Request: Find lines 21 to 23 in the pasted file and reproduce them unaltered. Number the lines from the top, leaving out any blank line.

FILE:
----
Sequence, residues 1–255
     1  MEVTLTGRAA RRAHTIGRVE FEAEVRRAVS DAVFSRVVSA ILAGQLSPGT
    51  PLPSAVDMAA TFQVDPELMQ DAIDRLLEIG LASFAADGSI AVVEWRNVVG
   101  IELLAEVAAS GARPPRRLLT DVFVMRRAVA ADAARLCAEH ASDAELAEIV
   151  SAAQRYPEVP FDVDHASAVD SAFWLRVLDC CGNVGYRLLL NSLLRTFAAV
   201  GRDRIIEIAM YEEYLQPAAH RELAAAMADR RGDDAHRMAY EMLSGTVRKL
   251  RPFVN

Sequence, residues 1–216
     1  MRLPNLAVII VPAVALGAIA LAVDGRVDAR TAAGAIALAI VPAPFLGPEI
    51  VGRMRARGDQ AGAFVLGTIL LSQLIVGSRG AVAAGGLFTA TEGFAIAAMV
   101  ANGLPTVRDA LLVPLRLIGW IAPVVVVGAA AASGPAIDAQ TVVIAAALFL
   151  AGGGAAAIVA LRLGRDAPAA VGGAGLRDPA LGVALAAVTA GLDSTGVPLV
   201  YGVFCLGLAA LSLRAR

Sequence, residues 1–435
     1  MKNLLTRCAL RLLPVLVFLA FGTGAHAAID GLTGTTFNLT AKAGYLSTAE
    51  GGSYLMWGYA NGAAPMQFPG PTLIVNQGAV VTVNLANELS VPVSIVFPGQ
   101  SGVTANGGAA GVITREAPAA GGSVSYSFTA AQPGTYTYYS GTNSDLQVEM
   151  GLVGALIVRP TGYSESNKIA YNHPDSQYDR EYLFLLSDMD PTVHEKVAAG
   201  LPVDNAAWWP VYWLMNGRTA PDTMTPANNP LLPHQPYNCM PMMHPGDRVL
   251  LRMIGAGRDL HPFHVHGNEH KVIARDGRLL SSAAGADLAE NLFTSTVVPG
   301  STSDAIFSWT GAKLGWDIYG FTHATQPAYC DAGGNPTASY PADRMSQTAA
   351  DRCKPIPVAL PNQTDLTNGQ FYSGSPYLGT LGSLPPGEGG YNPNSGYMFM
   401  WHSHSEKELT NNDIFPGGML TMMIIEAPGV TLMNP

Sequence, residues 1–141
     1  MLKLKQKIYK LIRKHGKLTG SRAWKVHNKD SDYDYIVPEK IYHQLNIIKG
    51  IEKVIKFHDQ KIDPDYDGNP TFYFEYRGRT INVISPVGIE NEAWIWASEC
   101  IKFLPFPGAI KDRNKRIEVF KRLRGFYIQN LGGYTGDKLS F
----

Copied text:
   301  STSDAIFSWT GAKLGWDIYG FTHATQPAYC DAGGNPTASY PADRMSQTAA
   351  DRCKPIPVAL PNQTDLTNGQ FYSGSPYLGT LGSLPPGEGG YNPNSGYMFM
   401  WHSHSEKELT NNDIFPGGML TMMIIEAPGV TLMNP